Oil is used a lot in cooking especially with some of the curries; also coconut cream is commonly used in the saucier curries. Common snacks found on the streets are often deep-fried batters. Beware of these not only for the fat content, but mostly due to the higher risk of food poisoning as they sit for long periods in the hot sun. Avoiding deep-fried foods is the number one rule to help reduce fat intake. Thankfully curry dishes get served with steamed rice which keeps the fat content down. Include plenty of fresh fruits and order side dishes of vegetables to go with a meal to reduce the number of fatty meat options. Choose fish, or other seafood dishes too. Meals made from lentils should also have a lower fat content than meat-based meals.

Thali meals provide a well rounded meals Thali meals provide a well rounded meals

Fruit & Vegetables

In this tropical environment there are so many beautiful juicy tropical fruits grown. Particularly sweet and juicy mango, melon, pineapple, papaya, jackfruit and guava grow prolifically here and are plentiful. Indians eat fresh fruit as snacks as well as use them, both ripe and unripe, in sweet and savoury dishes. An example is the locals not only eating ripe mangoes, but also eating them green with chili powder, which is surprisingly tasty but very hot.

Vegetables dominate Indian cuisine, and they are the basis of dishes far more often than meat, especially in the south. The most commonly used are potatoes, eggplant, green peas, cauliflower and onions. Tomatoes, carrots, squashes, mushrooms and okra are also used often, as are leafy greens like spinach and the tops of radishes, beets and fenugreek. Supermarkets stock all the usual stuff, plus some more unusual items (for westerners anyway), so if you are self-catering it is easy to get hold of most items you need, but you need to be flexible with your menu planning.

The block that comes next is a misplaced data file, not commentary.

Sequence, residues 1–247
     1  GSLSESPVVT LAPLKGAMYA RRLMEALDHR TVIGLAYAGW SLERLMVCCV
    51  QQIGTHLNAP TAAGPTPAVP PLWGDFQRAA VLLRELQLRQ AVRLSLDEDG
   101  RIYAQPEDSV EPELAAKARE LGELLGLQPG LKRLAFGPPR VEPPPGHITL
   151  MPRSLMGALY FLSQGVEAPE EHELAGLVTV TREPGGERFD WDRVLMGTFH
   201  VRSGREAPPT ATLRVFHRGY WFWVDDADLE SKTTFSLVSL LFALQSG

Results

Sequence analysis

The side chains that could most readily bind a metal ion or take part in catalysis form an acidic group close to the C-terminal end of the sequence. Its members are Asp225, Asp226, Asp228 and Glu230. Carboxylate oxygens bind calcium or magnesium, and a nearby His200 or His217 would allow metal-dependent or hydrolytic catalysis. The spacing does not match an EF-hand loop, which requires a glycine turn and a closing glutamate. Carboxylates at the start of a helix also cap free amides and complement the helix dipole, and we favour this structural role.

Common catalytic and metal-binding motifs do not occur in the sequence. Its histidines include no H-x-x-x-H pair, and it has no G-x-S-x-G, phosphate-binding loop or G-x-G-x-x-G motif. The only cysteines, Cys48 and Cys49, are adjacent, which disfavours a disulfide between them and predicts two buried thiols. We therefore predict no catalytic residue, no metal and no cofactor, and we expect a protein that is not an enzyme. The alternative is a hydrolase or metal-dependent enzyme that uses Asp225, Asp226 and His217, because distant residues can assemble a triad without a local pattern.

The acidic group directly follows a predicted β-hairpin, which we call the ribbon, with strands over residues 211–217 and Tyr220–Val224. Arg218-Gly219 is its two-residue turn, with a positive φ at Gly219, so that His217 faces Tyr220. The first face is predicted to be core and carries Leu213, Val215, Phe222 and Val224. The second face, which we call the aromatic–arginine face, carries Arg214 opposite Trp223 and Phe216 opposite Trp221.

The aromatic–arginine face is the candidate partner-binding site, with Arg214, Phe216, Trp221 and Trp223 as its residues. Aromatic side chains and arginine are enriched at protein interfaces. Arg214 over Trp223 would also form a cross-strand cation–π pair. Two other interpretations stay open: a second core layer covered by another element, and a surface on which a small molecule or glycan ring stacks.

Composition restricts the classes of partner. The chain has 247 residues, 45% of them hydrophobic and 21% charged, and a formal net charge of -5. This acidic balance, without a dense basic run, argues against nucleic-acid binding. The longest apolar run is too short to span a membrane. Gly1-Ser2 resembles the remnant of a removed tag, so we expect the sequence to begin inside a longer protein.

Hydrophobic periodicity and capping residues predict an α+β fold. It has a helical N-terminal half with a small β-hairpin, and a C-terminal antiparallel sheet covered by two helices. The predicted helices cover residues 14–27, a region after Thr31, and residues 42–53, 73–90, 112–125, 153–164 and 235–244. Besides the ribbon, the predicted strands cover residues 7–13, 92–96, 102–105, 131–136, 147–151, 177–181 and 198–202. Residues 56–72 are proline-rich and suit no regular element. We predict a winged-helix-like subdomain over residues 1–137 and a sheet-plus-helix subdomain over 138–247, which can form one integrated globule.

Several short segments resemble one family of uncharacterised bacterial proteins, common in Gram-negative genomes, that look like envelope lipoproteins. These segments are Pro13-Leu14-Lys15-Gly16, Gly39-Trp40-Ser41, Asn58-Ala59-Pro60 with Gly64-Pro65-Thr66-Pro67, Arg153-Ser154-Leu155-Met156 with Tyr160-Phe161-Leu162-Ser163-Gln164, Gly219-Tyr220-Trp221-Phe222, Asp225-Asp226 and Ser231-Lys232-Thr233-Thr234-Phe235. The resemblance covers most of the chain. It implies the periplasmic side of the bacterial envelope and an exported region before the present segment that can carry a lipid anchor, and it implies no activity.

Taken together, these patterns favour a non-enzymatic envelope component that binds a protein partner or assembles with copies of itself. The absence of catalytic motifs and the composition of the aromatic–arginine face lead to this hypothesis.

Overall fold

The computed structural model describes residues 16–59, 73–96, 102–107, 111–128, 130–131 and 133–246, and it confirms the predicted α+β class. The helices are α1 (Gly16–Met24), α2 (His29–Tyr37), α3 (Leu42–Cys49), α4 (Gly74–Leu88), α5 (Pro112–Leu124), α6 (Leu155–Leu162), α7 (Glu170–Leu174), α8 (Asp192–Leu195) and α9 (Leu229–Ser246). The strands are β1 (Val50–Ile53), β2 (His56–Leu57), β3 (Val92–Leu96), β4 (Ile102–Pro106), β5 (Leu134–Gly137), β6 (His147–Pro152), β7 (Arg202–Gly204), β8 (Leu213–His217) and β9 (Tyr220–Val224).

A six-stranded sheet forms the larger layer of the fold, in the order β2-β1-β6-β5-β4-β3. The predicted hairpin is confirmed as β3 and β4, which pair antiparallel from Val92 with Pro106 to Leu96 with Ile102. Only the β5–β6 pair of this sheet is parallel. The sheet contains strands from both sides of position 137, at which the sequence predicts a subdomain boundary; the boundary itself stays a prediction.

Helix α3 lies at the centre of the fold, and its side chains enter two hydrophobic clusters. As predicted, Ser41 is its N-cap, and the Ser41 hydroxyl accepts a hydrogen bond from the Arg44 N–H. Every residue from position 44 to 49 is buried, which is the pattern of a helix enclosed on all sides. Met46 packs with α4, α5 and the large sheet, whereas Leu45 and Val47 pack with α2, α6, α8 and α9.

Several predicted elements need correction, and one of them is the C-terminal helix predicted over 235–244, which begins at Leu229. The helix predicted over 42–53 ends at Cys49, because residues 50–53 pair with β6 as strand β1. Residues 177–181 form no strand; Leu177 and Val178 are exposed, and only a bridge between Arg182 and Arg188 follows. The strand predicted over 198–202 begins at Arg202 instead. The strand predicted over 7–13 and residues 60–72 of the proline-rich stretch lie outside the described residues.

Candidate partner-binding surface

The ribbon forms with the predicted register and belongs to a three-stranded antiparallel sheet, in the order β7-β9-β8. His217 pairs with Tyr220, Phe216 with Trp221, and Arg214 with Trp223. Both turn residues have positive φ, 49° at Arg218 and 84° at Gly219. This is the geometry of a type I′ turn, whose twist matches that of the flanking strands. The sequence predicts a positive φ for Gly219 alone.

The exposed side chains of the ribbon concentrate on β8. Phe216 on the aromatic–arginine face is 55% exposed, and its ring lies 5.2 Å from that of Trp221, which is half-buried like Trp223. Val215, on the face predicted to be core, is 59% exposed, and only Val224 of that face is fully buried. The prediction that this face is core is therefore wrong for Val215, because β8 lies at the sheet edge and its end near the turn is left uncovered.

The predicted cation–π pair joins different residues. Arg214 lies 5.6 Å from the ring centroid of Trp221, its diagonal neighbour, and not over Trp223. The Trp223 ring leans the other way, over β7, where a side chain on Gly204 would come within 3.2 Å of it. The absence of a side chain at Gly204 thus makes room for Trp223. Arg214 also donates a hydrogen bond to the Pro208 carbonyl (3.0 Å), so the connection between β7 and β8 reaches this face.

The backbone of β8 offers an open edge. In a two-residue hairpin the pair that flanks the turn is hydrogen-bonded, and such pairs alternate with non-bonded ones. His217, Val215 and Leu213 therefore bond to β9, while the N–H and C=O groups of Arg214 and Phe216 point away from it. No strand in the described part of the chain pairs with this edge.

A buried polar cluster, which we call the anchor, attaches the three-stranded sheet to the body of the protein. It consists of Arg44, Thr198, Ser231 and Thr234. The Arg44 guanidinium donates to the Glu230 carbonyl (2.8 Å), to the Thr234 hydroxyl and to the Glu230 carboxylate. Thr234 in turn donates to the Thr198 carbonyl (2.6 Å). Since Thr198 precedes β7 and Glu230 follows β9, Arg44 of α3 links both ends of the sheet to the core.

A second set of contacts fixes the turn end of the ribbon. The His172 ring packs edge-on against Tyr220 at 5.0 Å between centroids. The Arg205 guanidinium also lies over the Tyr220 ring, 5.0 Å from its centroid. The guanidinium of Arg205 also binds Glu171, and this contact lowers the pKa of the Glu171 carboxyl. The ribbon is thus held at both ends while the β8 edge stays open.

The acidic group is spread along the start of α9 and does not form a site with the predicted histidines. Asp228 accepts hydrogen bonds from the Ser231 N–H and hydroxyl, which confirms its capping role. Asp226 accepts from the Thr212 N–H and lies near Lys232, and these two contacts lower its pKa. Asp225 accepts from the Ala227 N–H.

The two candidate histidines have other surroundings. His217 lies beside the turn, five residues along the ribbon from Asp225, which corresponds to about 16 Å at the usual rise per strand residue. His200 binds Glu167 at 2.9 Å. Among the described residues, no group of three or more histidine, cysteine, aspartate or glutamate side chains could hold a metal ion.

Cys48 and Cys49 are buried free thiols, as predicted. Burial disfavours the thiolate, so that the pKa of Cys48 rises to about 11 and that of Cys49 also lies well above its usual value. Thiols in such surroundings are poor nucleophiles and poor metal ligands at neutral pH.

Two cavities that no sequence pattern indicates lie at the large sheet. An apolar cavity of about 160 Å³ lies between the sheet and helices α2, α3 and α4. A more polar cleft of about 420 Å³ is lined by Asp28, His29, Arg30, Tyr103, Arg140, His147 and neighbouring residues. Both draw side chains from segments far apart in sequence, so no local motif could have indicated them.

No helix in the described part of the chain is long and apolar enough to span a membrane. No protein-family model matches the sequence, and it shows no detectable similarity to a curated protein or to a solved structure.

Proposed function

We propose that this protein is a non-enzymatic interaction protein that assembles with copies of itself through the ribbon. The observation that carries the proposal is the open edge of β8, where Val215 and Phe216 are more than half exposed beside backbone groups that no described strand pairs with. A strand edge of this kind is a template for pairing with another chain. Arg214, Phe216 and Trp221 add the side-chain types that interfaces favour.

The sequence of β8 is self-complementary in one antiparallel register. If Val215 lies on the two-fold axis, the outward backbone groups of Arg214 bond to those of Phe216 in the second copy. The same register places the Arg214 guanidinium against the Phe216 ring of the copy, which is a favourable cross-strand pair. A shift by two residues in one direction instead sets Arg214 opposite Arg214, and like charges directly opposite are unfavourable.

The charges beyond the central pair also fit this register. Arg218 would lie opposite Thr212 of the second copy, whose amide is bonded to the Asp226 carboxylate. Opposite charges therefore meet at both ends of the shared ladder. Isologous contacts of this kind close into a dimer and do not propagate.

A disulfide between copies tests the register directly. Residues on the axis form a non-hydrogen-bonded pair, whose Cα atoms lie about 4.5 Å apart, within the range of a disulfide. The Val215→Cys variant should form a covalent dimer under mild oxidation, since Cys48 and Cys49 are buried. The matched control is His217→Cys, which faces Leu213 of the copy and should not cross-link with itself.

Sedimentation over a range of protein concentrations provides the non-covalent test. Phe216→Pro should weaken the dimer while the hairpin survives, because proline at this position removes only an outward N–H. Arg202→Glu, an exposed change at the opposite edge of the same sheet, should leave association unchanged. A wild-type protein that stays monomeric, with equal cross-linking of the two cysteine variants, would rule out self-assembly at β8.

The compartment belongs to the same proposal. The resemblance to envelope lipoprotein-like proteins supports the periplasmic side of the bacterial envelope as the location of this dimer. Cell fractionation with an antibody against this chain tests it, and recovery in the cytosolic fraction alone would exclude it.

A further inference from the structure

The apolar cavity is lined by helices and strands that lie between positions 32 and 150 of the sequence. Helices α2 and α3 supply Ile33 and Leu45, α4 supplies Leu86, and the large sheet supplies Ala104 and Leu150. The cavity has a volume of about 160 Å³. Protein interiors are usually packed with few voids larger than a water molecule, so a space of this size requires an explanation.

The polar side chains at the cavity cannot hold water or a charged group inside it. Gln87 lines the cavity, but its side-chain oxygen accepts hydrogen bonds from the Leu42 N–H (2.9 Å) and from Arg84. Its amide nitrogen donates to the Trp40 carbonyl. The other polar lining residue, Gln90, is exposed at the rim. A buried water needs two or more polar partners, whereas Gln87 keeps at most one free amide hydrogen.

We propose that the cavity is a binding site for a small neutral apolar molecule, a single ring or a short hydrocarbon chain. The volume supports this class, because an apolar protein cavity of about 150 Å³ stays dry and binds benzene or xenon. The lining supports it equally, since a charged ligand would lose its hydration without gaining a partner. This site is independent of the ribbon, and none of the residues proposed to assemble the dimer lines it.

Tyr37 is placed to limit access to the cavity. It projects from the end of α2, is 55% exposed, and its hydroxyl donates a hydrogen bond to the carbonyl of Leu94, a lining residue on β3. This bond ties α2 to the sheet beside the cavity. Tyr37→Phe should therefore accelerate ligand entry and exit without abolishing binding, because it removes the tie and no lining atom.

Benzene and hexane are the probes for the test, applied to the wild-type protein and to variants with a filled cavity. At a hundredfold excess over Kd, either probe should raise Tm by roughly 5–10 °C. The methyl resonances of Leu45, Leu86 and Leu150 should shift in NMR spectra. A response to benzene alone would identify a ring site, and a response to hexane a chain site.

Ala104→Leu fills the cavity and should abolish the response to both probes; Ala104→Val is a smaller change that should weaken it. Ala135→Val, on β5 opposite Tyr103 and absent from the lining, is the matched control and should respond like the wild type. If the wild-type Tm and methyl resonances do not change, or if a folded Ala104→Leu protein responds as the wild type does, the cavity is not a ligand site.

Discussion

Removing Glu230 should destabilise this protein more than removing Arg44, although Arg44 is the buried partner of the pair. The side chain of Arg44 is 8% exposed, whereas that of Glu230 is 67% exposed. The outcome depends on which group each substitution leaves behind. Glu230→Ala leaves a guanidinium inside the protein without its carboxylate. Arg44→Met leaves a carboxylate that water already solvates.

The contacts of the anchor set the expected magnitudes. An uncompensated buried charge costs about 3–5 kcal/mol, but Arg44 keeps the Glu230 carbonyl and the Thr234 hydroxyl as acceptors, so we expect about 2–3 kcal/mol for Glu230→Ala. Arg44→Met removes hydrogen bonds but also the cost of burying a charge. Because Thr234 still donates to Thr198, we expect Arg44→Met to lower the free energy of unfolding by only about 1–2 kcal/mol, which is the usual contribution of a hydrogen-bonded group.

Indian Food Pyramid Indian Food Pyramid

Other Considerations


India has a very hot climate for much of the year, with a distinct wet season in the south increasing humidity and creating hydration challenges for travelers to this region. The further north you travel, the cooler the climate can be, bringing different challenges. Hydration for most athletes will become a real focus to maintain good hydration practices. Even when simply standing around and walking at a low pace, sweat rate can be high. Many venues are air-conditioned, but not to a chilling degree, but planning to stay indoors with air-con will help to keep you cool and reduce possible sweat rate.

See more information on hydration.

With such a hot climate, it is easy to access drinks, although they are not always well cooled. Freshly squeezed juices are popular, fresh coconuts are always hydrating with the carbohydrate and electrolyte content.

Sports drinks are becoming more readily available in India, and you can access a few different brands, with some interesting flavors. Some local alternatives to the big brands of Gatorade, include, Bodyfuelz Fastcharge, Glucon-D Isotonik in two refreshing flavours - lime burst and orange rush, Re Fuel Isotonic Drink, Electrokem ORS Drink, and India's first milk-based sports drink product called Stamina. Also available is the broader Asian favorite 100Plus.

Food Safety

India is a developing nation, and there are many aspects that are unclean, unhygienic, and you need to be careful when eating. Good practices for safe hygiene in India include:

See more on food safety while traveling

Things they may need to bring from home?

Gels, supplements, medications, favorite snacks, UHT milk or meal replacement drinks, rehydration solutions, and sterilising tablets.